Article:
The most infamous trials were conducted by the Court of Oyer and Terminer in 1692 in Salem Town. One contemporary writer summarized the results of the trials: The Salem witch trials were a series of hearings and prosecutions of people accused of witchcraft in colonial Massachusetts between February 1692 and May 1693. The trials resulted in the executions of twenty people, most of them women. Despite being generally known as the Salem witch trials, the preliminary hearings in 1692 were conducted in several towns in the Province of Massachusetts Bay: Salem Village (now Danvers), Salem Town, Ipswich and Andover. The most infamous trials were conducted by the Court of Oyer and Terminer in 1692 in Salem Town.
The reason the scene was cut from the play lies in both the significance of the conversation and what it revealed about the John Proctor in terms of his affair and his character. The conversation between John Proctor and Abigail Williams had great significance to both the play itself and the setting in which it was placed. It blatantly called out the irony of the Puritan way of life and the hypocrisy going on in Salem at the time. When Abigail addresses John and says, “Oh Hypocrites! Have you won him too?” [p. 151], she is referring to the townspeople of Salem as the hypocrites and questioning John’s integrity and strength.
“Johnny Byron and Willy Loman are tragic figures” far do you agree that this statement fits Death of a salesman more that Jerusalem? Both miller and Butterworth use the characters, Willy and Johnny to portray the theme of a tragic figure. Struck by the misfortune of fate Willy Loman and Johnny Byron are trapped in their altered perception of reality which they have created using elaborate lies to mask their ordinary state, imprinting them both with the scar of a tragic flaw in which one character finds so hard to remove, it later becomes his downfall. What seems to be the most tormenting part of both plays is the characters indecision. Comparably each fictional character struggles to maintain their sanity, often reacting in rash and condescending behaviour.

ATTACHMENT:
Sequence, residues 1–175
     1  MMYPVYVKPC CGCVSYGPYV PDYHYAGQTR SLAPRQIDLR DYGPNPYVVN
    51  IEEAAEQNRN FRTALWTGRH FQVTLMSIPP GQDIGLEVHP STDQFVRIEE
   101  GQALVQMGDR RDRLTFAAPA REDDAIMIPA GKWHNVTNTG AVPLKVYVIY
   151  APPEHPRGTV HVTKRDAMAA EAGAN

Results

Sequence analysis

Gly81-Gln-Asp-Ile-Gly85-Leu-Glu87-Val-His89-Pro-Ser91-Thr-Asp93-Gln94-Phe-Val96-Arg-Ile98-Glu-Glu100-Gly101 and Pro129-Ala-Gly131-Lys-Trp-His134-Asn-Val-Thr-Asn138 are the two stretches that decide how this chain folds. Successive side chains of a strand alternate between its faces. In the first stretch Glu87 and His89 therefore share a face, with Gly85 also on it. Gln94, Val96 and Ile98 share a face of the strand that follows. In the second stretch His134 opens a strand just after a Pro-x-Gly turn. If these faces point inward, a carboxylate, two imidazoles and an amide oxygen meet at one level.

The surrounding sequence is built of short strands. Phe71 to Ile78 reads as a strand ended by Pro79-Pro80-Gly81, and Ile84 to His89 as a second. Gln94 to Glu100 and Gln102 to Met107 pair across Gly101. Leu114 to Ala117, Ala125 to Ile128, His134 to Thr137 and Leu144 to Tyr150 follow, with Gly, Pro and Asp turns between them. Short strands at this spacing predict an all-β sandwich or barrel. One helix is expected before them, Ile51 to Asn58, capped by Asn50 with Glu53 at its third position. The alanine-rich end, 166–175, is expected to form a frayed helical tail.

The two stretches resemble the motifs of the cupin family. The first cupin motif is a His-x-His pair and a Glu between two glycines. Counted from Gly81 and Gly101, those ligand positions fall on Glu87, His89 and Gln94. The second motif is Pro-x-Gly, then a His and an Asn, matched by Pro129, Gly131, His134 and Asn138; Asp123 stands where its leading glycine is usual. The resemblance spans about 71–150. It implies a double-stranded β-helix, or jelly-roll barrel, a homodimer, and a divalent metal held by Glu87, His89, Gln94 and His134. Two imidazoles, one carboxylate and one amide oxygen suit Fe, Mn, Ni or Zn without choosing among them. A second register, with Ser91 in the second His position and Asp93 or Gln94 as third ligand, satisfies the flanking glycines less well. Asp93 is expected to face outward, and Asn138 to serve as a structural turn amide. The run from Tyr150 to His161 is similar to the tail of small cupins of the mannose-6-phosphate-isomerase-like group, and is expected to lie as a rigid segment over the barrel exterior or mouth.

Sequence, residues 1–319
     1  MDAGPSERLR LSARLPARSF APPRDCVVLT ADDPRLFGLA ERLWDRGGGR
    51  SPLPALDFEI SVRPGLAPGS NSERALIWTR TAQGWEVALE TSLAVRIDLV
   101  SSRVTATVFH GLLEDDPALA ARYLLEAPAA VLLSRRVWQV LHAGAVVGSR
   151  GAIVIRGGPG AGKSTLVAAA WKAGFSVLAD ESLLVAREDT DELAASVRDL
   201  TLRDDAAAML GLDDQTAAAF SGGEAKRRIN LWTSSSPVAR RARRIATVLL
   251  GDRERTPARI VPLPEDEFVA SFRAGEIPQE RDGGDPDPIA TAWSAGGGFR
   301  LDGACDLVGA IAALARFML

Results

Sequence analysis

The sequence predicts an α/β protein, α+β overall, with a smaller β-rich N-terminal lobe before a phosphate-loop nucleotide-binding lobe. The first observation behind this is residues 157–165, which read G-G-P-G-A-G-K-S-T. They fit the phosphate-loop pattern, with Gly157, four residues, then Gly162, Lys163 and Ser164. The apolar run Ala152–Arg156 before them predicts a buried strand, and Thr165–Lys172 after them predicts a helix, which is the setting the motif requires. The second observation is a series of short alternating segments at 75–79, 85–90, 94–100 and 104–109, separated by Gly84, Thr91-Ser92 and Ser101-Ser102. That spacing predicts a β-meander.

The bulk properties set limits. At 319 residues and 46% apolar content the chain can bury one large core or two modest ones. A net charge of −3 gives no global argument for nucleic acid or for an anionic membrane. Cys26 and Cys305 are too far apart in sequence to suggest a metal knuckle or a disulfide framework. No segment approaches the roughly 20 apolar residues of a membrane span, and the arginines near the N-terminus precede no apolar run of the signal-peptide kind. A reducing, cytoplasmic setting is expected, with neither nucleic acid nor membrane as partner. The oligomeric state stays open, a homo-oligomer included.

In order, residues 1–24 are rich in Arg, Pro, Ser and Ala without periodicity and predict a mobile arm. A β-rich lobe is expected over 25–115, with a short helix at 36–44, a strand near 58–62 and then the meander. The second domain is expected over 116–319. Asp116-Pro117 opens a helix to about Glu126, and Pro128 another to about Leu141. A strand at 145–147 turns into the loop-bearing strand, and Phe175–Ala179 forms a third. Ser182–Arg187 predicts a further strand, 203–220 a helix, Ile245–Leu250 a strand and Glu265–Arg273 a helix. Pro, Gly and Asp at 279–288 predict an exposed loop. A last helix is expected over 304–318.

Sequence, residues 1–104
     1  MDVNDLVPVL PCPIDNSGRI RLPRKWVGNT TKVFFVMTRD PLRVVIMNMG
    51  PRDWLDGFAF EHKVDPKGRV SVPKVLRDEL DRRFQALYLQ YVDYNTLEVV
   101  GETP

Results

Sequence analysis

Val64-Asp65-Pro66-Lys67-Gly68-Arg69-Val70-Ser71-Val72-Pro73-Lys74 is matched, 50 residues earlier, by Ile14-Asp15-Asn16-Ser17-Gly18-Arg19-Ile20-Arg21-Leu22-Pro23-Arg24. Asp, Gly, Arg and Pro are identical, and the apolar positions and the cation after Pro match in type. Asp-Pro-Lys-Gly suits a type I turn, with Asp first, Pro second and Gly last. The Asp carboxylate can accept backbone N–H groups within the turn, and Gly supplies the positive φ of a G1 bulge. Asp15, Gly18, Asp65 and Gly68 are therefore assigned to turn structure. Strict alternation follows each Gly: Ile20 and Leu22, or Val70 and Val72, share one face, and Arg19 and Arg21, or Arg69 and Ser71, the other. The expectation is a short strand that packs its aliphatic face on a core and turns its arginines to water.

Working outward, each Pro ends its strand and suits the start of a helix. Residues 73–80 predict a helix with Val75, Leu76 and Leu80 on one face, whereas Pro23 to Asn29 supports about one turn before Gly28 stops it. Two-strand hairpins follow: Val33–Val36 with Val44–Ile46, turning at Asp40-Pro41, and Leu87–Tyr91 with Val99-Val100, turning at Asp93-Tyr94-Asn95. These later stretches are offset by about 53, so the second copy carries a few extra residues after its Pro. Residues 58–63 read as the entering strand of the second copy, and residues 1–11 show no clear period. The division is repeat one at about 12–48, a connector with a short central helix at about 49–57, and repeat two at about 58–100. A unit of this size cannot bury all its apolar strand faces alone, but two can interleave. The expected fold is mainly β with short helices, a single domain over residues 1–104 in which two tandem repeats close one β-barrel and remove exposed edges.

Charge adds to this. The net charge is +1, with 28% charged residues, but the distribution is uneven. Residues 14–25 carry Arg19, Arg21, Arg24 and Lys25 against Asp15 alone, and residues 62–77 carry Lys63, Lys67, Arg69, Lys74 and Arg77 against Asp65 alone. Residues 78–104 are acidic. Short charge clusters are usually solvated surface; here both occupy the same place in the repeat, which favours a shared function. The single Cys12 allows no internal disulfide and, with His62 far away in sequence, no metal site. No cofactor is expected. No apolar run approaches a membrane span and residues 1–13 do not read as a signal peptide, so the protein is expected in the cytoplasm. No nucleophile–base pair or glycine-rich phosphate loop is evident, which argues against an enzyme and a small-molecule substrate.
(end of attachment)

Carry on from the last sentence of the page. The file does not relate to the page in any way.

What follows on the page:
DEATH OF A SALESMAN In the play, Death of a Salesman, Willy Loman is, at first, set up as the character of the tragic hero. He has had goals and ambitions that he did not fulfill, and that his sons have not fulfilled, despite the pressure that he puts on them to accomplish his opinion of what success should be. However, as the story moves along, we see Willy’s tragic hero status decreasing substantially. As he desperately sifts through his past for some sort of actualization or realization, he only proves himself a to be failure, by the standards that he himself had set. There are a great many comparisons to be drawn from this play, and compared to the novel, The Great Gatsby.
Shakespeare's play Othello and Good Will Hunting directed by Gus Van Sant are two such texts, exploring the human condition through the archetypal idea. In Othello, we see a black man driven to mad jealousy, and the demise of his world as a result. In Van Sant's film Good Will Hunting, we explore an intelligent man struggling with issues of his own. In both texts, the complexities of love and trust, and segregation are explored through the outsider archetype. Shakespeare's England was not a very accepting society when it came to foreigners.